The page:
Updated Jun 21, 2021 - Science

NTSB probes deadly Alabama crash as storms lash Southeast and Midwest

Cars are stranded in water as Fourth Street is covered in water between Grant and Dunn after a flash flood Friday night, which left a large portion of downtown flooded

Flash-flooding in Bloomington, Indiana, on Saturday. Photo: Jeremy Hogan/SOPA Images/LightRocket via Getty Images

The National Transportation Safety Board announced Sunday that it's sent a team to Alabama to help investigate a fiery multi-vehicle crash that killed 10 people, including nine children.

The big picture: Saturday's crash, south of Montgomery, occurred amid a tropical depression that left 13 people dead in Alabama. It triggered flash floods and tornadoes that razed "dozens of homes" in the Southeast over the weekend, per AP. Parts of the Midwest were also badly hit, including Indiana and Chicago, where a tornado struck late Sunday.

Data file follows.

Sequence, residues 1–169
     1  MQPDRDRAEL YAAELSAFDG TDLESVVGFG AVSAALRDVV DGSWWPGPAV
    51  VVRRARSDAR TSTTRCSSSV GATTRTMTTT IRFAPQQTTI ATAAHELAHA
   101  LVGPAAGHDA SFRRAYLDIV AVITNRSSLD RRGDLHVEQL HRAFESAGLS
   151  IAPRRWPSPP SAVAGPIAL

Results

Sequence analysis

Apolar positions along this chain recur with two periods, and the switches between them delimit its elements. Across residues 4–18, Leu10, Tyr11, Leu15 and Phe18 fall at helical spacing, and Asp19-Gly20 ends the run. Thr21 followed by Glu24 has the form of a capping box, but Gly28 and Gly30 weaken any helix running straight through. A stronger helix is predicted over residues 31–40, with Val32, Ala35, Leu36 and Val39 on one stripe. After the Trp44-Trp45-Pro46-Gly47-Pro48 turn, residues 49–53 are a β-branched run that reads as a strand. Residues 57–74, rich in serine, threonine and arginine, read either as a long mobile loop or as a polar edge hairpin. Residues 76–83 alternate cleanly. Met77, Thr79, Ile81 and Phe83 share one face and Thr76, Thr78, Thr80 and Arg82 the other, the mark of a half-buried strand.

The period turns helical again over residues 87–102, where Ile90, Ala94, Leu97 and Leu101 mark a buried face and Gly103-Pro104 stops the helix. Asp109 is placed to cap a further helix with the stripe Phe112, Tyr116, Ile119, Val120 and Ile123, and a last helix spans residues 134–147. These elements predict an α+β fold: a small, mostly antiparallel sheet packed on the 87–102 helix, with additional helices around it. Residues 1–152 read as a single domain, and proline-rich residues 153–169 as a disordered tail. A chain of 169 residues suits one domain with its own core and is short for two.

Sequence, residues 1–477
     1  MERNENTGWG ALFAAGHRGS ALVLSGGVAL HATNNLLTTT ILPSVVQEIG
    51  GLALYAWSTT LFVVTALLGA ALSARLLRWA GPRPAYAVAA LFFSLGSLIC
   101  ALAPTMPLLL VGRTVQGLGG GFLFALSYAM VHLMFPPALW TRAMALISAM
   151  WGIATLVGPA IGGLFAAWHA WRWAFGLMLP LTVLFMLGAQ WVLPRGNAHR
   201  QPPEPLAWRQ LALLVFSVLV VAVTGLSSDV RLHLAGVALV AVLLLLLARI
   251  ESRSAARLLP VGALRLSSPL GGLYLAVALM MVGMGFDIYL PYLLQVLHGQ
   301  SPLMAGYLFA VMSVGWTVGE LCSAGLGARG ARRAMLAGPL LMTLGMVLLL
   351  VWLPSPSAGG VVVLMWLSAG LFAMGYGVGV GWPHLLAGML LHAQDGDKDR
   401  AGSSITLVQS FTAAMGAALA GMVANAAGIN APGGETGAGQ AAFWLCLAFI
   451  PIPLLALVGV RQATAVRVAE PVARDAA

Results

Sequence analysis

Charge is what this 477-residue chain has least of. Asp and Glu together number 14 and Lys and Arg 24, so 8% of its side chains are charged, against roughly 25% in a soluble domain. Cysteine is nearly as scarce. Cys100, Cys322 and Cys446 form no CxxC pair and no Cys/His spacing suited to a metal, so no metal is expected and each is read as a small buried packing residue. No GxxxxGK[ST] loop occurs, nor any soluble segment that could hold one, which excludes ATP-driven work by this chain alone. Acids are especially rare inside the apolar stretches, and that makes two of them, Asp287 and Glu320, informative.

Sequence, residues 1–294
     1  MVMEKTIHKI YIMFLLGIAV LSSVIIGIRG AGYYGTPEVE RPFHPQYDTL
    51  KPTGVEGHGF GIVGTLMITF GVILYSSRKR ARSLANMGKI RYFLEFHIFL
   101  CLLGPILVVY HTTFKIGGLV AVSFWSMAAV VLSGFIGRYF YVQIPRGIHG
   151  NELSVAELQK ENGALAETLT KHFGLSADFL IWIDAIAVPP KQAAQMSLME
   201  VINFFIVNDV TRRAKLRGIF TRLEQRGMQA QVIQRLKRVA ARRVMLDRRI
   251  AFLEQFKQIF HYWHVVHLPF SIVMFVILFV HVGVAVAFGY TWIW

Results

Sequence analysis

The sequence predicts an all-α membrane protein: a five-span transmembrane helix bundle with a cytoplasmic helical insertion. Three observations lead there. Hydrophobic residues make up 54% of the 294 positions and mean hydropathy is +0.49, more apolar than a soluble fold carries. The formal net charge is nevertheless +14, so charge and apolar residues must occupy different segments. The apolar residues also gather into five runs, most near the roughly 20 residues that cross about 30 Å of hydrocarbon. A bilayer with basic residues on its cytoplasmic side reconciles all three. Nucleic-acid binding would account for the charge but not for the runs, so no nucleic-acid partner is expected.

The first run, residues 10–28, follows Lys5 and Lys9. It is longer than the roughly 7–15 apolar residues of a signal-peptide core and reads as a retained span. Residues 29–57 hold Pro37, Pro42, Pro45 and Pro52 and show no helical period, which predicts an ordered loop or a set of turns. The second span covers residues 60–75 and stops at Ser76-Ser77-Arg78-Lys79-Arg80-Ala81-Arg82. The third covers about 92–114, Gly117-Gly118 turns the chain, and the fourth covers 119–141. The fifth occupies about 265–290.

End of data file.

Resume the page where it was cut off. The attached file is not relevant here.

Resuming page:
Zoom in: Butler County Coroner Wayne Garlock told the Washington Post investigators believe a vehicle hydroplaned on "waterlogged roads" at a bridge on Alabama's Interstate 65, causing a "chain reaction."

  • Police said seven vehicles caught fire in the ensuing pile-up. Eight children died in a Tallapoosa County Girls Ranch van, operated by the Alabama Sheriffs Association. A man and his baby died in another vehicle during the crash.
  • Ranch director Candice Gulley, the van's sole survivor after a bystander pulled her from the flames, was in a serious but stable condition in a hospital, AP reports.

What to watch: "Claudette is expected to slowly strengthen over the Carolinas as it approaches the Mid-Atlantic Coast from the west," the NWS said in a statement Sunday.

  • "Tropical Storm conditions are expected to develop along the coastal regions of the Carolinas before the storms moves into the Atlantic. Severe storms are possible across the Northeast U.S. Monday."

Editor's note: This article has been updated with new details throughout.

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